Workers' Compensation and Medicare

The rule in New York is that an injured employee cannot sue his employer for negligence but is relegated to obtain workers' compensation benefits for job related injuries. Historically, Workers' Compensation was available to give injured workers medical and wage coverage in lieu of filing a lawsuit. What was meant as progressive legislation has turned into a nightmare for injured workers. Nevertheless, workers' compensation must be kept in mind as it affects an inured worker's lawsuit against a third-party. Let's look at a typical case.

Peter Employee is injured when a defective machine used at his job crushes his hand. He works for XYZ Company which has workers' compensation insurance for its employees. Peter applies for and begins to receive workers' compensation benefits. His weekly salary was $1000.00 per week, but the workers compensation coverage only pays a maximum of $400.00 per week. His medical expenses are paid for by the workers compensation carrier as well.

Peter Employee cannot sue XYZ Company, because he is their employee, however, he does start a suit against Big Bad Manufacturing Corp. They manufactured the defective machine that caused his injury. Over the years the workers' compensation insurance company paid to Peter wages of $93,000.00 and medical expenses of $150,000.00 totaling $243,000.00. In addition, Peter applies for and receives Social Security Disability payments from the Federal Government

Peter's lawsuit against Big Bad Manufacturing Corp results in a settlement offer of $1,135,000.00. However, before the offer can be accepted, Peter's lawyer must obtain permission from the workers' compensation insurance carrier because they will want to be paid back out of Peter's portion of the proceeds of the settlement.

Under New York State law, Peter's settlement will be reduced by the attorney's out of pocket expenses during the litigation, let's say $15,000.00. That results in a net settlement of $1,120,000.00. Counsel fees are 1/3 of the net settlement or $373,333.00. Peter's portion of the proposed settlement is $746,666.00. Peter's portion must then be reduced by the workers' compensation lien.

New York State law allows the lawyer for Peter to negotiate with the workers' compensation insurance company to compromise or reduce the lien. Usually by 1/3 (here 1/3 of $243,000.00 is $81,000.) Therefore, Peter must pay back $162,000.00 to the workers' compensation insurance company. Thus, Peter ends up with $584,666.00.

New York State law further provides that the workers' compensation insurance company does not have to pay any further wages or medical bills until the entire sum that Peter nets from the settlement is used up to pay for wages and medical expenses. Peter must keep accurate records giving himself credit for lost wages at the worker's compensation rate of $400.00 per week and for all medical expenses. Once these funds are used up he can go back to workers' compensation and their payment will begin again. It is as if workers' compensation is on a holiday during this period of time.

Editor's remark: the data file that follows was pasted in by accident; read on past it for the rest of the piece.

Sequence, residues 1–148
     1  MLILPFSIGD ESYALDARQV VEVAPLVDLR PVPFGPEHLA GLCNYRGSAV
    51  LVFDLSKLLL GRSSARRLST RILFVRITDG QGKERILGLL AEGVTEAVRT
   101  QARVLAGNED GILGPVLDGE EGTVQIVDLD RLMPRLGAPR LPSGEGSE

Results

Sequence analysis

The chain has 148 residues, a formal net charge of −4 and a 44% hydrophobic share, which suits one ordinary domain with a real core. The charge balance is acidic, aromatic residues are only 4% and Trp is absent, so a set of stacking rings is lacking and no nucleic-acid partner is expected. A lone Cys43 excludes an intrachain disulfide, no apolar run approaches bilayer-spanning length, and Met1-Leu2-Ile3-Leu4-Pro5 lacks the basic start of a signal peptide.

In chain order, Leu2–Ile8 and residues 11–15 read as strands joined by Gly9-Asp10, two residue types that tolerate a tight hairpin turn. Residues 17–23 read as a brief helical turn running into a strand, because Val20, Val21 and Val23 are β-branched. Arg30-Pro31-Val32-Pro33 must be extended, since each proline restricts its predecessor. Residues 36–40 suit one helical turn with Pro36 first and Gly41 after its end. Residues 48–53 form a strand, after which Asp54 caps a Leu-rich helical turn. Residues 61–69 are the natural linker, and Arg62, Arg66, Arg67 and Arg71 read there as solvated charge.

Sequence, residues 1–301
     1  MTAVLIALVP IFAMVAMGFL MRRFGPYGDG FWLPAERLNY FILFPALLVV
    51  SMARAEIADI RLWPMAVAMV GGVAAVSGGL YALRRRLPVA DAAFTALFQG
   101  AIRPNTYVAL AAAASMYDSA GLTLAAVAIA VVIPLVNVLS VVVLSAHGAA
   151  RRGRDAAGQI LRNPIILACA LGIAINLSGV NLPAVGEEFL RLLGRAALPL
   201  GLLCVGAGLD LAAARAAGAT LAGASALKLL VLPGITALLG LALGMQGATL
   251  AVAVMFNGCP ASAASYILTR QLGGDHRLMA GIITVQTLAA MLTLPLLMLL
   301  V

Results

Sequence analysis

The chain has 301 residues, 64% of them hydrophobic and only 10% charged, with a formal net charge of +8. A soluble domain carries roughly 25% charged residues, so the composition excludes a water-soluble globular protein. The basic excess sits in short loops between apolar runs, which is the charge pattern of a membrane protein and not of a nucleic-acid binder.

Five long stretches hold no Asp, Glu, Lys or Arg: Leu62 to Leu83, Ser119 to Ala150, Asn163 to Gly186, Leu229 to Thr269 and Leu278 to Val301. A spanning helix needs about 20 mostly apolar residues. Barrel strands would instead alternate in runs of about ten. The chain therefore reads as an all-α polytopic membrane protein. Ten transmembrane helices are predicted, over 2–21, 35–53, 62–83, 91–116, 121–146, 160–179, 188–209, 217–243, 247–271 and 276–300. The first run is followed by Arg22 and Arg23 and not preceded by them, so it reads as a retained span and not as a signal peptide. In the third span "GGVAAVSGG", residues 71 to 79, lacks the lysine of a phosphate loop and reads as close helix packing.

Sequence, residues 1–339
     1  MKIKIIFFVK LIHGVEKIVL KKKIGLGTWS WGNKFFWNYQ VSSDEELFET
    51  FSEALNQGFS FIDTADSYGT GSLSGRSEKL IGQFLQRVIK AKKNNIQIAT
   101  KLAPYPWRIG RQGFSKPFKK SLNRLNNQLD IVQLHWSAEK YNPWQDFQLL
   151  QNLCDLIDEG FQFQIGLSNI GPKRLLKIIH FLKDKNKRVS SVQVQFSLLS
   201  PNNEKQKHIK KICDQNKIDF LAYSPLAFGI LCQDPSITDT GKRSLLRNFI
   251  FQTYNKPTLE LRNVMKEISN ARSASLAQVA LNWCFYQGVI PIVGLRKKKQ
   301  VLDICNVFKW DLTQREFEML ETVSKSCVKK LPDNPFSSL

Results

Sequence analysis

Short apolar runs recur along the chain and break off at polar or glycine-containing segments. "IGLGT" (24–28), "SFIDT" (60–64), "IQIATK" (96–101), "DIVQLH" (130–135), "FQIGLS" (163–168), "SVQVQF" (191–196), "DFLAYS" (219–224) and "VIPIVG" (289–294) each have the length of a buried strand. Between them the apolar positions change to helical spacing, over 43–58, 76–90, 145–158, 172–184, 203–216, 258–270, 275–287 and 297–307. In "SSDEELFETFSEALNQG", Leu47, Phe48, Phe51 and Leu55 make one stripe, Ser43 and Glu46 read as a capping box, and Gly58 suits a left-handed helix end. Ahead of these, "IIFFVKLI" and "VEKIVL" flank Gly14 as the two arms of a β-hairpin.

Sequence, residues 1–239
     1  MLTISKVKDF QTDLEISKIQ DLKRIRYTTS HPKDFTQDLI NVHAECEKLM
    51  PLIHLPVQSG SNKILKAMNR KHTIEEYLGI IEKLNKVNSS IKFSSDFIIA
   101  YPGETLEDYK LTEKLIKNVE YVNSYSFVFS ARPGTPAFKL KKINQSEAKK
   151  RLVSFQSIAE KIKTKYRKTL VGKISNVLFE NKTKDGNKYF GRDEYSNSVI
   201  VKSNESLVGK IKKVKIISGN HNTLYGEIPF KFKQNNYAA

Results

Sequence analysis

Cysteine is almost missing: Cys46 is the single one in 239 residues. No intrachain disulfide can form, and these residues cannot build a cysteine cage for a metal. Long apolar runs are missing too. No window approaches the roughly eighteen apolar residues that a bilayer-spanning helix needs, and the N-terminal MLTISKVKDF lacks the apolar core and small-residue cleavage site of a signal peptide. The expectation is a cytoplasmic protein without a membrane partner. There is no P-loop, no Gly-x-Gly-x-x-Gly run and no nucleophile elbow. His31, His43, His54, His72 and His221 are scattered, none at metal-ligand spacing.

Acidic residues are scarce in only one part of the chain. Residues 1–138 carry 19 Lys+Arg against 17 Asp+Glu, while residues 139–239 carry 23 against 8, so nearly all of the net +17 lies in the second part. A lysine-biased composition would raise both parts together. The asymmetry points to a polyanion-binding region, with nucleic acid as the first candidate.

Now, here is where it get really complicated. Under New York State law, the workers' compensation insurance company can offer to pay Peter an amount for all of its potential future exposure and completely remove itself from the case. This is called a "Section 32" (of the Workers' Compensation Law of the State of NY) buy out. The insurance company keeps careful statistics on life expectancy and can make a good guess as to how much to pay Peter to avoid having to be on tap for the remainder of his life. They are not in business to pay out money that they don't have to, so Peter can be assured that any payment that they offer him will be substantially less then he would be entitled to if they stayed on the case until he dies.

If Peter accepts the payout, then all workers' compensation benefits are terminated. Now, if you remember, early on we learned that Peter was eligible for Social Security Disability (SSD) benefits. A component of SSD is Medicare. Recently Medicare has set up a program where by they insist that if there is a settlement of a third-party suit and if workers' compensation has been terminated (not simply on holiday) then Peter will be required to spend down a certain portion of his settlement before Medicare pays one dollar towards medical benefits as a result of the injuries that the settlement is based upon. Under these circumstances, Peter is required to set up a Medicare Set Aside Trust (MSA). This trust will be funded by part of the proceeds of the settlement and Peter will be required to spend for his medical costs related to the injury out of this trust before Medicare kicks in and picks up the medical bills.

MSA trusts are prepared by special law firms that your attorney has access to. They are able to assess the past medical benefits paid out of worker's compensation and then project, based upon computer projections, the future medical expenses likely to be needed. The trust must then be approved by CMS the company that Medicare uses to administer their program.

Let's assume that Peter's MSA trust is properly funded and the annual medical costs related to his accident are anticipated to be $5,000.00. If in any year those costs exceed $5,000.00 then, if the MSA trust has the prior approval of CMS, Medicare will pick up the balance of the medical costs for that year. Please remember that this Trust is only for injuries related to the accident which formed the basis of the lawsuit which was settled. Any other medical expenses not related to the lawsuit will be paid for by Medicare.

As you can see, the complications to a settlement from workers' compensation and Medicare are extremely complex and are getting harder every day. You cannot do this on your own and need competent legal help to get through the maze of regulations, contracts and agreements.

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